But, even though you couldn’t process it back then, there are feelings that you experience in inherently positive or negative ways when triggered. For instance, being ignored usually triggers the feeling that you don’t matter. Failing a test usually triggers the feeling that you aren’t smart enough or your efforts don’t make a difference. Collectively, these negative feelings are called Learned Distress®, and Learned Distress becomes a powerful force in your life.

Notice, I said those situations trigger your feelings, instead of “make you feel” a certain way. No matter what the trigger, if you feel a certain way, that feeling has been stored within your sense of self from early in your life.

Feelings Have Consequences

Your sense of self isn’t just a passive storage bank of feelings from which you react.

Your sense of self is actually generating every moment and situation of your life.

That’s right. Each moment, each situation, each relationship, each interaction you have is generated automatically out of that storage bank of feelings inside of you. Without your conscious input or control.

Every instance in which someone says something that “makes you feel” like you don’t matter. . .your sense of self generated that.

Every instance in which you feel that you’re just not capable of succeeding. . .your sense of self generated that.

Every negative situation in your life is generated automatically from your Learned Distress. Not from your thoughts. Not from what you do. Not from what other people do. (This doesn’t excuse other people’s bad behavior, by the way. But, it gives you insight into why their behavior is directed toward you, and it ultimately gives you power in your own life.)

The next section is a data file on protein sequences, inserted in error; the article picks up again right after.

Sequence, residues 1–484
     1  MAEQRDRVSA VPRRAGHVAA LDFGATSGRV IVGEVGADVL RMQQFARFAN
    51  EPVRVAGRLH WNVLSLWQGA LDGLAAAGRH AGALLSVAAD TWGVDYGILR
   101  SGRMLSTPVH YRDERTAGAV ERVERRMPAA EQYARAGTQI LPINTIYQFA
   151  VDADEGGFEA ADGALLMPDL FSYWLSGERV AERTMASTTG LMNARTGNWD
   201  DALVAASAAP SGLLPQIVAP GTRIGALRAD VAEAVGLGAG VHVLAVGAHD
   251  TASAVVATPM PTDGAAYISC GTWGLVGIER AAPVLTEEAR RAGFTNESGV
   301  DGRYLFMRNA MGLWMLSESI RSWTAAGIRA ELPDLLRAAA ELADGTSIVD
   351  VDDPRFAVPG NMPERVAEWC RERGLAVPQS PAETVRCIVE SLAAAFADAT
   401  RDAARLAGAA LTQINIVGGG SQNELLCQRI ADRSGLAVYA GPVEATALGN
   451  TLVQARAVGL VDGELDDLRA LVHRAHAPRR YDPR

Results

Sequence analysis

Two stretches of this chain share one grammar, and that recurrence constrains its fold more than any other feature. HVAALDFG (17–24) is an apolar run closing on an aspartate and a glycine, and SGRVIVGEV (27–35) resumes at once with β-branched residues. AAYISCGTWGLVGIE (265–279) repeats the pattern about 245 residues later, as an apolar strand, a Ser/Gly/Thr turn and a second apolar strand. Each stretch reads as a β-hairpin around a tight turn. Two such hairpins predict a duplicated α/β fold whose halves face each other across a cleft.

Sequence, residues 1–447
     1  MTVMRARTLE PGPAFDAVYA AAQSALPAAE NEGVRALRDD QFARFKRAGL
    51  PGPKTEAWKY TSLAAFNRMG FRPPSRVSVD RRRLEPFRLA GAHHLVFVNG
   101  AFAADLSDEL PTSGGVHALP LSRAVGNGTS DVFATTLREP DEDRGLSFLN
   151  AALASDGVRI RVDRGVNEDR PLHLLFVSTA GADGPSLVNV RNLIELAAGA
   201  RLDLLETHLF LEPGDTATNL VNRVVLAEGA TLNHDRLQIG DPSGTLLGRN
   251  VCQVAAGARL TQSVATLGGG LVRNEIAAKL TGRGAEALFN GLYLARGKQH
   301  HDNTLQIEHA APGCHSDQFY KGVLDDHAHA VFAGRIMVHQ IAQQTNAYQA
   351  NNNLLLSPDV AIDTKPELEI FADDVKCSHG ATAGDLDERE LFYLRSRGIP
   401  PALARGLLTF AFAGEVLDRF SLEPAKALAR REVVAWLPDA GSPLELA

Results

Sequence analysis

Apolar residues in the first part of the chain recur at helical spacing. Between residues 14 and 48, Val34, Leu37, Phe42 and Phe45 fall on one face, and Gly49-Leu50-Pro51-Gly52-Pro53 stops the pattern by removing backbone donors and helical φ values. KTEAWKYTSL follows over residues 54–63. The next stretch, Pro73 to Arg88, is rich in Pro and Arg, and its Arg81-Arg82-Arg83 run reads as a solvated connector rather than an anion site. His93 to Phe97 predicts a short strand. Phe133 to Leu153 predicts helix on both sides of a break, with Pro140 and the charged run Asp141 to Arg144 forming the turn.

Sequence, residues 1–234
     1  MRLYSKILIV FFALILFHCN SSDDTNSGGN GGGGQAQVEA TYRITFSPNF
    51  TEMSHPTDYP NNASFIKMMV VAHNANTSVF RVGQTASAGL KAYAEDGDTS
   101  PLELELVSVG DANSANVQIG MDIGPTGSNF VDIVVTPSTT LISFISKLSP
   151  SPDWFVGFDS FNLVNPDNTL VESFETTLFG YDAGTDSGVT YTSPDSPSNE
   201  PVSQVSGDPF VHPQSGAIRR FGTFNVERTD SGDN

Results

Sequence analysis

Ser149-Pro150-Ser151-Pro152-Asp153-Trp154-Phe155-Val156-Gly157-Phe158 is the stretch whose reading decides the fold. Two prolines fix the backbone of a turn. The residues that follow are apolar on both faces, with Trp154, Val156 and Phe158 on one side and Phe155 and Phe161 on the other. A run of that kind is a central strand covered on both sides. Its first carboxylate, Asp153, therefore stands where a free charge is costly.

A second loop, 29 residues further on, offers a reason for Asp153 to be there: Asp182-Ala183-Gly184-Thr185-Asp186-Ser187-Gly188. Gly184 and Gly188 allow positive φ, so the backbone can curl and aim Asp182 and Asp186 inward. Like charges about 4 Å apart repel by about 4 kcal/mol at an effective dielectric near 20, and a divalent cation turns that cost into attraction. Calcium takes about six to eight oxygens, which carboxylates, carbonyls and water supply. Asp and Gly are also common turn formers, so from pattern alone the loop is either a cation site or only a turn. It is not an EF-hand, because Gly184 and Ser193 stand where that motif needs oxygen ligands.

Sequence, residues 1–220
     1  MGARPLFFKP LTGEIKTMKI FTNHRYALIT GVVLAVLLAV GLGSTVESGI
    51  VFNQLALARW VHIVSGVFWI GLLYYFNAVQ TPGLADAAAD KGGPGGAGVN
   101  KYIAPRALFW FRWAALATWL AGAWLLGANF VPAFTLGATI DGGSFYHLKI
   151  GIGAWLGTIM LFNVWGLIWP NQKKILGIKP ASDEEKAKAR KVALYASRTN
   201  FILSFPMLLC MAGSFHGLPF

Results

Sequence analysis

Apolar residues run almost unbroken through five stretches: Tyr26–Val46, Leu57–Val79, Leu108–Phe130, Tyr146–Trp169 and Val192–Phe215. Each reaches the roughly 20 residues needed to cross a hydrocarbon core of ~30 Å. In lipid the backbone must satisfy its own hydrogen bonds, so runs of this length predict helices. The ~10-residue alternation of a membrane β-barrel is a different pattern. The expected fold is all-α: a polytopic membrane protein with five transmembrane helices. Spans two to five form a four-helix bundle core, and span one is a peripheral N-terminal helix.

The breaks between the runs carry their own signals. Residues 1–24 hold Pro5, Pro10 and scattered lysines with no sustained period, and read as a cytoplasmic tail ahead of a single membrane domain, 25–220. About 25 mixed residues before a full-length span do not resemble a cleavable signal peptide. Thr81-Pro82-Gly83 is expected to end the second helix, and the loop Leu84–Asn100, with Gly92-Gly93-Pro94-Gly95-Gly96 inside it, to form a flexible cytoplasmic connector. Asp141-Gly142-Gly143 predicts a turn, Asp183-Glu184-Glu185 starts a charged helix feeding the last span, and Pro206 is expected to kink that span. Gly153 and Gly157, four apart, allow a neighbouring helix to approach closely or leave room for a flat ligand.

The Danger in Burying Negative Feelings

So, wouldn’t squelching those feelings be good? Maybe if you keep those feelings buried, they wouldn’t be able to generate negative situations?

Yes and no, but mostly no. Burying or denying your feelings can keep the negative situations at bay for a while. But, those negative feelings keep building over time.

As the intensity of negative feeling grows, so does the intensity of the situations that it generates. So, if the feeling that “there’s never enough for me” generated some bounced checks when you were 20, at age 50, it could generate bankruptcy.

The Bigger Danger in Burying Negative Feelings

When you bury your negative feelings, you cut off your access to the most important part of yourself. The part of you that existed before you started absorbing feelings from people around you early in life.